Parque Arvi is Medellín’s largest park and part of its bid to become a national and international city of distinction. Comprising 16,000 total hectares, this reserve high above the Aburrá Valley encompasses more than 50 km of walking trails, 1,700 hectares of pristine forest, and several pre-Colombian archaeological sites.
The history of the park itself is hard to discern. The first reports of the area come from the Spanish Conquest, where conquistadors chronicled the discovery of crumbling buildings and “roads of chopped rock, wider than those of Cusco [Peru]” that they “dare not follow, for the people who made them must have been many”. The land sat untouched for 450 years, until in 1970 the Colombian government declared it the Río Nare National Park. Then in 2010, as part of a city-wide improvement program and a bid to triple the amount of park space accessible to the citizens of Medellín, the city completed a metro cable connecting the city’s train system with Parque Arvi. Since then, the park has seen hundreds of thousands of visitors annually, both from Colombia and abroad.
A visit to Parque Arvi is much more than a chance to get some fresh air–it’s a chance to experience first-hand how much Medellín has changed in the past few decades. After repeated recommendations to visit, one sunny afternoon we caught the A line to Acevedo station and bought tickets for the gondola. As we glided over the rooftops of the hillside barrios, we could see people walking on the streets and children playing in the parks. Forty years ago, these neighborhoods were slums, cut off from the city proper and opportunities in the center of the valley.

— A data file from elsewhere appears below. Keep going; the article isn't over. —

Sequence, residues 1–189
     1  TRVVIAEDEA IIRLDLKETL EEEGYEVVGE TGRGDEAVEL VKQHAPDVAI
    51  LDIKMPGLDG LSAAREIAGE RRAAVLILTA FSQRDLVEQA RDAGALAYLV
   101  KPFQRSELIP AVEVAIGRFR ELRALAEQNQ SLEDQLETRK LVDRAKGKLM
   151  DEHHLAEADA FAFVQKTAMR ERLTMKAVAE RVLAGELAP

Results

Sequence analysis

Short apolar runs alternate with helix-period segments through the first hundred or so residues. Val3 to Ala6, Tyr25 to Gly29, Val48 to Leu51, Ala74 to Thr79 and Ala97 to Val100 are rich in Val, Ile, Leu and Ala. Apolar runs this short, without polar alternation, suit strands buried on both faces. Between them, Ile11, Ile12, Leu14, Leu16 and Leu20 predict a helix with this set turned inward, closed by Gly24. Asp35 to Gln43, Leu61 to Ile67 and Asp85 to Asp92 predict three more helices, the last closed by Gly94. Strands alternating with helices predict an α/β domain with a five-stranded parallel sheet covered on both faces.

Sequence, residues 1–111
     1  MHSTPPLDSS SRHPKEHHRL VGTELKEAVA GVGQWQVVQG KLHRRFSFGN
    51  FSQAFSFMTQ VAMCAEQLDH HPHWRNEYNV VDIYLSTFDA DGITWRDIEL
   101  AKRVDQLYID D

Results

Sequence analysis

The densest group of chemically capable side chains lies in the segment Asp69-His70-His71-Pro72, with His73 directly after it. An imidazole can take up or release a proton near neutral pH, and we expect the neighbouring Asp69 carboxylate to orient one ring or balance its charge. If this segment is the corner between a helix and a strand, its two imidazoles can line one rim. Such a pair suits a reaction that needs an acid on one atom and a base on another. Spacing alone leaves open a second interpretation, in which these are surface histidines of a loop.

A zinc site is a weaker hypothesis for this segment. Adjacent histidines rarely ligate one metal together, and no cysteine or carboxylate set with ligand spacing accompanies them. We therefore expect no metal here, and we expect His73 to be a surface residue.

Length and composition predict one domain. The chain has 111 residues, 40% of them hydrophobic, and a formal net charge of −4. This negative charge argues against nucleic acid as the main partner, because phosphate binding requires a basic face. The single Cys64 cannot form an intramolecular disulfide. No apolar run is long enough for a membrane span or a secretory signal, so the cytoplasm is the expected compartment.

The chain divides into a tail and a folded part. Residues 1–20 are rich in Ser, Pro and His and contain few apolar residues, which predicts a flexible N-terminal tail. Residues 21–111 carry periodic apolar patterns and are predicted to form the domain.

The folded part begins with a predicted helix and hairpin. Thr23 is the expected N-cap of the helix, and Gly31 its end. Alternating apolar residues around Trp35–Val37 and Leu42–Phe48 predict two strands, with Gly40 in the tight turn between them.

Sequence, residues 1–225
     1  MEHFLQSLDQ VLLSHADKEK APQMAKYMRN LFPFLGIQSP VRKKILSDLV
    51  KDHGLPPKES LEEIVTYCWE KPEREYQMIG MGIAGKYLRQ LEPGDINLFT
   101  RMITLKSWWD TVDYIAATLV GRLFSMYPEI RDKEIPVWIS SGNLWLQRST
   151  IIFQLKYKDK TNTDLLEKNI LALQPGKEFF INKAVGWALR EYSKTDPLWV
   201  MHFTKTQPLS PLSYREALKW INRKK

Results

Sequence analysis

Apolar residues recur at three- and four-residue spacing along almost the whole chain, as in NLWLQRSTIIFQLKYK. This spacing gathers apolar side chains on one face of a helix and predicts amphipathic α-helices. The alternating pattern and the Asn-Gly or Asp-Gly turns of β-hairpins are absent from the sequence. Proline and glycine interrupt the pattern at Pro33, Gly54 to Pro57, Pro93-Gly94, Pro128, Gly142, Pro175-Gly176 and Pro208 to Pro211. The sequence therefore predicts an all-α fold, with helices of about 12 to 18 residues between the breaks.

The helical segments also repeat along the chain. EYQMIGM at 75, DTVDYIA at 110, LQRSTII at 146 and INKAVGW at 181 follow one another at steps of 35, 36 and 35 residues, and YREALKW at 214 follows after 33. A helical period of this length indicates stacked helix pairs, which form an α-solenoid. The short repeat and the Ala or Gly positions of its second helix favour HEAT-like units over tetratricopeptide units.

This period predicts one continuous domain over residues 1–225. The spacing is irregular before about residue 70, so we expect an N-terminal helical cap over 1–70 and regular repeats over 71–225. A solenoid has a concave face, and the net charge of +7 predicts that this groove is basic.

The infamous Pablo Escobar gave a voice to the people of these disconnected and disenfranchised areas, demanding services for them in his brief stint in Colombia’s House of Representatives. After his expulsion from politics, Escobar recruited people from the slums in the drug trade and armed them, calling them to rise up against the wealthier inhabitants of city. Medellín became one of the most dangerous cities on earth, with the highest per-person homicide rate in the world from 1990 to 1999. In the worst year, 1991, the homicide rate was 325 people per 100,000, which is equivalent to the murder of roughly 1 in every 300 people.